Small film crews can rejoice. Camera operator? Relax those shoulders. Cinema Devices is here to help with its Antigravity Rig. It puts the smoothness of a gimbal and vertical flexibility into one package.

And takes the weight of that package and moves it from your arms and shoulders to your hips and legs. If you’ve used a gimbaled camera system, you know it gets tiring damn quick. You can try to tough it out, or get a support vest. Those work, but you’re stuck at your height.

Announced at NAB, the rig is slated for production in July for $10,000. Not cheap for the weekend filmmakers, but for small production teams? It can immediately replace multiple systems while avoiding everyone hating life the next day after holding the camera for hours on end.

Cinema Devices vertical gimbal antigravity rig

Information is still sparse on the rig outside of a few video demonstrations, but Cinema Devices is promising:

The rig is fully configurable.
Go as big or small as you like.

All of the poles on the rig are telescopic, allowing you to navigate narrow doorways up to boom shots for big sweeping vistas.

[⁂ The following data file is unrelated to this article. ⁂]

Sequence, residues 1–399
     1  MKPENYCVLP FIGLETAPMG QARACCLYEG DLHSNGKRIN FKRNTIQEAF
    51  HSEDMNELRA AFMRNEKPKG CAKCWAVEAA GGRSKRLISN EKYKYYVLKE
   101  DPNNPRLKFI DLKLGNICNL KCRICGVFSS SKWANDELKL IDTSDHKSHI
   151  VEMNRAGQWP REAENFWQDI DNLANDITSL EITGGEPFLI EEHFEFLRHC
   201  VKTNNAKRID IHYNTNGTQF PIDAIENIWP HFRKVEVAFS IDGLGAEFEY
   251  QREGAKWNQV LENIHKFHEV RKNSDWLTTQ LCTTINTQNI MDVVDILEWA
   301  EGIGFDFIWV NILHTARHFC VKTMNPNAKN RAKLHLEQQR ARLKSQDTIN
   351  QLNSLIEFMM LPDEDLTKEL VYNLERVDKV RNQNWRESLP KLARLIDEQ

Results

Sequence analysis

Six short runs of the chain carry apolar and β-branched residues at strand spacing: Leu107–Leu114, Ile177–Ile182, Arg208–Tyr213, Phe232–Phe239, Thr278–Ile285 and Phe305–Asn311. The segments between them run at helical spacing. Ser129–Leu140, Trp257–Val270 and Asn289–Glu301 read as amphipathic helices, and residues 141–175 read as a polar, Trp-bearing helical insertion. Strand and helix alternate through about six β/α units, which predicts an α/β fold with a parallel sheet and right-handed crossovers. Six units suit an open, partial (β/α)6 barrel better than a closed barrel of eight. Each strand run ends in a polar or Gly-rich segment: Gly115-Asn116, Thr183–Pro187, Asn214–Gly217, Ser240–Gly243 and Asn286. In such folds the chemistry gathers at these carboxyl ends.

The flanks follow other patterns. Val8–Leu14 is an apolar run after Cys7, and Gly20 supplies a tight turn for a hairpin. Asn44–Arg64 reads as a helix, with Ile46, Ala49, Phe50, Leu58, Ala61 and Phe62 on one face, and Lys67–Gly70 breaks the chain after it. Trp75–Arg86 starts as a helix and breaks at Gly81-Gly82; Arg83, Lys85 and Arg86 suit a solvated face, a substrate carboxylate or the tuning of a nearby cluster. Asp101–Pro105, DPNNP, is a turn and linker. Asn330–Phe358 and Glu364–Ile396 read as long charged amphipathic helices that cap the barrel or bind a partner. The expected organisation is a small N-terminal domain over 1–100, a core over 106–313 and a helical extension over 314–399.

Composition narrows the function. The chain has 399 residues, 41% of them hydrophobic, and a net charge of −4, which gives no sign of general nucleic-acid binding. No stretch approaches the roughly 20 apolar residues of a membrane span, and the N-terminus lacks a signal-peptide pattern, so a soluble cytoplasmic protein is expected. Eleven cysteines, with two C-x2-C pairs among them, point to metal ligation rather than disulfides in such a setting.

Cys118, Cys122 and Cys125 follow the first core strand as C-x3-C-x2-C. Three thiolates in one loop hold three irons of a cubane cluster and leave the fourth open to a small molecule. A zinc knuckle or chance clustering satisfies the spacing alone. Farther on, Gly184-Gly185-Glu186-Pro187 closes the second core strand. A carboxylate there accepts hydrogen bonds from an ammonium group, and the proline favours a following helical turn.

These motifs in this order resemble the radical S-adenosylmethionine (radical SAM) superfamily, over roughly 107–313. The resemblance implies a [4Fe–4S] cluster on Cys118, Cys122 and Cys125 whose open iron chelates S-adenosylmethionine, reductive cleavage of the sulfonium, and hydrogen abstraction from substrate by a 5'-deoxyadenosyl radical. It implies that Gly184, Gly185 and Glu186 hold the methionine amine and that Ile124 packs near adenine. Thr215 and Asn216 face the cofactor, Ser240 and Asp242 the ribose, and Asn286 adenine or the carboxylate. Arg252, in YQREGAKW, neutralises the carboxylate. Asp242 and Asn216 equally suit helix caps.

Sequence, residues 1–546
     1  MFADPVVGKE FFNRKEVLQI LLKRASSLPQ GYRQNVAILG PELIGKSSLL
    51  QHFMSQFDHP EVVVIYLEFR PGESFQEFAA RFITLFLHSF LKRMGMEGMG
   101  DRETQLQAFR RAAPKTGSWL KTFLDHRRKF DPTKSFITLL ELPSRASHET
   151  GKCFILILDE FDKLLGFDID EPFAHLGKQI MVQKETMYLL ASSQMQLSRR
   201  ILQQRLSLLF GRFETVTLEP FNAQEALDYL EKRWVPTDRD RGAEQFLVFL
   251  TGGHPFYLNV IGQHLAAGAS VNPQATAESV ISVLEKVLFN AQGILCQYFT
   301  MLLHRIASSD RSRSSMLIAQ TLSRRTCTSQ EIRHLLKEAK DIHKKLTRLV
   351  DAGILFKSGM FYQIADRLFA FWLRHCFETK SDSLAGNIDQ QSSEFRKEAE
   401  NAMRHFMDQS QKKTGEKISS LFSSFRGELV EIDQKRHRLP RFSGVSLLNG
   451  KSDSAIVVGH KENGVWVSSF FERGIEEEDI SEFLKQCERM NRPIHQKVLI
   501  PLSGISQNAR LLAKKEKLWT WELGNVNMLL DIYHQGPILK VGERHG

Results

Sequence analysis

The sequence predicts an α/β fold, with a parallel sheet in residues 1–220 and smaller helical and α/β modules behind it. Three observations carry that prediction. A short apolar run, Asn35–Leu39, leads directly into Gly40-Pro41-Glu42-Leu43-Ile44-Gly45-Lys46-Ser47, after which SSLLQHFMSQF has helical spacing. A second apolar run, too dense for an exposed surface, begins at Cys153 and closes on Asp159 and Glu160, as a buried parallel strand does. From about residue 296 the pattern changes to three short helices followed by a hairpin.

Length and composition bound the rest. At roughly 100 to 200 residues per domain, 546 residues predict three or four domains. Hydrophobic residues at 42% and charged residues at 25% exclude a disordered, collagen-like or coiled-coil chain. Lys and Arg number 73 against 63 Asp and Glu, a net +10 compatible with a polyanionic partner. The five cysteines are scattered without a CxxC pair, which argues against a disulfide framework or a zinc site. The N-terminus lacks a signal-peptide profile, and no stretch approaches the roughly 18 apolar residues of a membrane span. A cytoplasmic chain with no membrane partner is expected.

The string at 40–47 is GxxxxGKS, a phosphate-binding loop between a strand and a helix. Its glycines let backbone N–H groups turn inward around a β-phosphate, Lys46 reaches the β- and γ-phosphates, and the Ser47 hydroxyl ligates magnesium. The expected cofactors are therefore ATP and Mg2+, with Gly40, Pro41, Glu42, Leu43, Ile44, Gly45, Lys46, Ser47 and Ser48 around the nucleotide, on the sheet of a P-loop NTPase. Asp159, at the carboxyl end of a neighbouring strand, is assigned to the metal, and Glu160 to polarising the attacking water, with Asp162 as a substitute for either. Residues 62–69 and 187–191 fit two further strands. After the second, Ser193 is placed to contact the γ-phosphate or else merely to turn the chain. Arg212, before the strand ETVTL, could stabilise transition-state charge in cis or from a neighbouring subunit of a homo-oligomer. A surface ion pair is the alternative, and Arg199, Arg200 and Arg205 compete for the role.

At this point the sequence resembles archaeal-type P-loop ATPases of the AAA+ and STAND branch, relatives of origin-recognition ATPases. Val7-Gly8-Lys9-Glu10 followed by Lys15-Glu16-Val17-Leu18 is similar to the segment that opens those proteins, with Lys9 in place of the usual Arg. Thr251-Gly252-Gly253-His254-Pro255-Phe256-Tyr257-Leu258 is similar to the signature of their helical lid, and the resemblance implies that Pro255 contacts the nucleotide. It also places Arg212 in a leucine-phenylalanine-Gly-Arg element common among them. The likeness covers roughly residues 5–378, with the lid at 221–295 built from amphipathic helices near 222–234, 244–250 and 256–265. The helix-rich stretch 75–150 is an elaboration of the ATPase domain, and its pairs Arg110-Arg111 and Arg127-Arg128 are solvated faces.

Fully balanced gimbal high mode.

No more need to fight gravity using the gimbal in the inverted mode. The innovative fulcrum attachments bring a whole new level of stability and comfort to attaining effortless eye level shots without raising your arms.

Pole extension accessory set.

Operate the gimbal close to your body or with extension poles that gives a greater boom ran as well as front row seat to your monitor that is always is angled toward you throughout the vertical travel.

It would allow for filmmakers to replace their Steadicam, dolly and jib into one setup. One that would enable you to work through projects without constantly having to stop to switch out units for different shots. No more being locked into your height or having to haul a jib around.

Pre-orders are open now at the company’s website, and the base package starts at $10,000. We’ll get a good look when the company releases the Antigravity Rig in July. Hey, nothing wrong with hoping the tired arms are a thing of the past.

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